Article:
Doctor with parent and child

How To Manage Bronchiolitis Symptoms In Children?

What Is Bronchiolitis?

Bronchiolitis is a lung infection that is common among infants and young children. It’s caused by a virus (Respiratory syncytial virus or RSV) that affects the smallest air passages in the lungs (bronchioles). The bronchioles are responsible to control airflow in your lungs. When they get infected or damaged, they can swell or become clogged. This blocks the flow of oxygen. The children of age less than 2 years have a high risk of getting infected by this viral infection. Although it’s generally a childhood condition, this doesn’t mean that adults don’t have any risk.

Types Of Bronchiolitis

Bronchiolitis is of two types:

  • The risk of Viral bronchiolitis is more in infants. Most cases of viral bronchiolitis are due to the respiratory syncytial virus (RSV). Viral outbreaks occur every winter and affect children under the age of 1 year old.
  • The other Bronchiolitis condition is Obliterans. It’s a very rare and dangerous condition that is usually seen in adults. This disease is responsible for causing scarring in the bronchioles. The scarring of bronchioles block the air passages creating an airway obstruction that can’t be reversed.

Symptoms Of Bronchiolitis

Both viral bronchiolitis and bronchiolitis obliterans are similar to each other and have similar symptoms. These include:

  • shortness of breath
  • blue skin due to lack of oxygen
  • rattling or crackling sounds from the lungs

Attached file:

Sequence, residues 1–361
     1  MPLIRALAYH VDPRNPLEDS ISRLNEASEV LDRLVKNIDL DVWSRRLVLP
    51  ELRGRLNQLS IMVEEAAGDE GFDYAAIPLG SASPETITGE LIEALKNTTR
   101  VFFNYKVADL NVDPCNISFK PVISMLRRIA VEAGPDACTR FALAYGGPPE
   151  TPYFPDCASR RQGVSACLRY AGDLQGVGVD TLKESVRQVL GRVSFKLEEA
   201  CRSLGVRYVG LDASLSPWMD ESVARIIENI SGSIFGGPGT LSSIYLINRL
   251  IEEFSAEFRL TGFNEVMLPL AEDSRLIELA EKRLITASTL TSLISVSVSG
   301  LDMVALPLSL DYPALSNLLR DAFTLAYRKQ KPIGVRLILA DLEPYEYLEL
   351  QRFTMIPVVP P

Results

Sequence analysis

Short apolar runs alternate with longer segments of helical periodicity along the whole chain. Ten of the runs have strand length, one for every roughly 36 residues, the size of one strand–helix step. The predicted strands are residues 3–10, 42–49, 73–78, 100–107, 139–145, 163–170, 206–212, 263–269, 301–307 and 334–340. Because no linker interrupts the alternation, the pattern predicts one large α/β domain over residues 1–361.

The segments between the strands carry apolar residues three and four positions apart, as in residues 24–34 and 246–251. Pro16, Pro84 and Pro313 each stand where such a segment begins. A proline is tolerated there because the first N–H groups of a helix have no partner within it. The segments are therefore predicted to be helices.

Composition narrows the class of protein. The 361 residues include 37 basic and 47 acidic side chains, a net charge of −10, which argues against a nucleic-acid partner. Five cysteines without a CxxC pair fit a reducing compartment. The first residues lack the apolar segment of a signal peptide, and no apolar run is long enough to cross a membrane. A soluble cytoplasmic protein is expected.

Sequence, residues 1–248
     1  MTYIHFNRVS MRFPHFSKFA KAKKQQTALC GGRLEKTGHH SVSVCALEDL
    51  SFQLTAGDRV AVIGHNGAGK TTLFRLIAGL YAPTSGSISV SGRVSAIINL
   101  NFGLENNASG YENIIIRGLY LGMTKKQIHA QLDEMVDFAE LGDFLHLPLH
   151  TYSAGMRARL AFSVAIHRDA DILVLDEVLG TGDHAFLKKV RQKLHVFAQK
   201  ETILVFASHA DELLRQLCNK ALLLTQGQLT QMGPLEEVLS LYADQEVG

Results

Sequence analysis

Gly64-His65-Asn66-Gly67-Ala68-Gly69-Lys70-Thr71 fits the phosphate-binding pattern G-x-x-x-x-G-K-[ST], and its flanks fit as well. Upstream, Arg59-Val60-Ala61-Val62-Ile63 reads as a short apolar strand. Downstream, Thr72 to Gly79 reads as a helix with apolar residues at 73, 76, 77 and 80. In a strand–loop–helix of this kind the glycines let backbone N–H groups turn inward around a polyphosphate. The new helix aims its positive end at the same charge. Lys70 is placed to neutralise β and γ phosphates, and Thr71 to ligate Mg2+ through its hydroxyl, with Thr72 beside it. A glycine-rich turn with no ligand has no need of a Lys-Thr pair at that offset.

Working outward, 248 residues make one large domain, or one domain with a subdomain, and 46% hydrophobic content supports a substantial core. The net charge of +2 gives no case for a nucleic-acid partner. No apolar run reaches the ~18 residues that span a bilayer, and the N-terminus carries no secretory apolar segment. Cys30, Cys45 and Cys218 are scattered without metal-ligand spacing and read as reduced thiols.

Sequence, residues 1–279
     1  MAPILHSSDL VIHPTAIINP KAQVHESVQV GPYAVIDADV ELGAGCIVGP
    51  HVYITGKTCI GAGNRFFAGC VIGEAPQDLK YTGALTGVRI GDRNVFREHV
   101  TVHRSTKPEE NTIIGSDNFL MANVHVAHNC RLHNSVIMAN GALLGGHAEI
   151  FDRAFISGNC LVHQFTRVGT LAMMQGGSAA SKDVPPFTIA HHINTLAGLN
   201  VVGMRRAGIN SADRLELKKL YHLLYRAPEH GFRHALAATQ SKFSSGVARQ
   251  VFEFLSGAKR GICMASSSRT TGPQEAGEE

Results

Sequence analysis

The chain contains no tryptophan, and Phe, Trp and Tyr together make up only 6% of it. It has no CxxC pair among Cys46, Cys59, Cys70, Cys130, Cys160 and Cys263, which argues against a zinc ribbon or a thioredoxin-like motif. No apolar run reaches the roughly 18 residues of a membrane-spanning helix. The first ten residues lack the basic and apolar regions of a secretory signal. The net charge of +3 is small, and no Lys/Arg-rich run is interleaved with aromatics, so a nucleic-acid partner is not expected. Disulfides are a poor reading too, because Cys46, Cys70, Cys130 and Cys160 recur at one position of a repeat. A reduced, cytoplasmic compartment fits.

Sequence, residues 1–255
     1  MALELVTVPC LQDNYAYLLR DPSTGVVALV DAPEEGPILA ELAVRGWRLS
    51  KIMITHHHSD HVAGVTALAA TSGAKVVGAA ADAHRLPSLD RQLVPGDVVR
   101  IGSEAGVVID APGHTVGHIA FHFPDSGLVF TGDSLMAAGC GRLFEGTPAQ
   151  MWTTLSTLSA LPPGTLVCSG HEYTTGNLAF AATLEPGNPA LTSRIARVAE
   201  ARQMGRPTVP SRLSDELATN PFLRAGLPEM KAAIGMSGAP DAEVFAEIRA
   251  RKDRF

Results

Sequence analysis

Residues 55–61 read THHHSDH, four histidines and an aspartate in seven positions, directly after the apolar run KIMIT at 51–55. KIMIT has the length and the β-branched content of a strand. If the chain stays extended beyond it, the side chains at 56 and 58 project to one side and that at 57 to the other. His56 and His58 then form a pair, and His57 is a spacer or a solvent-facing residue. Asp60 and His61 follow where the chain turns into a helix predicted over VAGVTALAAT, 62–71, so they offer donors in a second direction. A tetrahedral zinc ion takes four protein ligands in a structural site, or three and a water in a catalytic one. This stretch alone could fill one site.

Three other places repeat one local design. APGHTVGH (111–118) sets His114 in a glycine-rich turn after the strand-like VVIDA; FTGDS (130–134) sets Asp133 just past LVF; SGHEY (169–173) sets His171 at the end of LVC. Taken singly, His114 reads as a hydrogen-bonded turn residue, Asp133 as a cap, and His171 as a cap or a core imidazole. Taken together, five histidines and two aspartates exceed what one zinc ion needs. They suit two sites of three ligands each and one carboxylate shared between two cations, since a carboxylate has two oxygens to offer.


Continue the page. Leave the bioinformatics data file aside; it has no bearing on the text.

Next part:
• ribs that appear sunken during attempts to inhale (in children)
  • nasal flaring (in babies)
  • fast breathing
  • fatigue
  • cough
  • wheezing

A lung infection can take several months to several years to produce symptoms.

How To Treat Bronchiolitis?

There is no special medicine that can help your child get better. If your child is suffering from bronchiolitis, make sure to do these things:

  • Give your child lots of fluids to keep hydrated, as often as every one or two hours.
  • Use saline nose drops to loosen the mucus in the nose. Moreover, you may need to use a nose bulb very gently to remove mucus from the nose.
  • Give medicines such as acetaminophen (e.g., Tylenol) or ibuprofen (e.g., Advil, Motrin) to treat fever. These medicines can help make your child feel better. Make sure not to use aspirin to treat your kid’s fever. Also, consult with your kid’s doctor before giving any cough or cold medicine.
  • Antibiotics will not help as bronchiolitis occurs due to virus attack (not bacteria).

When You Should Call Your Child’s Prescriber?

Call your prescriber or go to the emergency room if your child:

  • has dry gums and tongue
  • does not drink liquids
  • has nostrils that move in and out when breathing
  • is breathing faster than usual
  • has blue lips or mouth
  • does not have wet diapers
  • is more sleepy than normal
  • does not improve within a week

How To Prevent Bronchiolitis?

There are a few things you can do to prevent bronchiolitis.

  • Do not smoke around your child.
  • Make sure you and your child get a flu shot every year.
  • Use an alcohol-based hand rub often before touching your child. Or, wash your hands with soap and water.
  • Avoid being near people who are sick with cough and cold symptoms.

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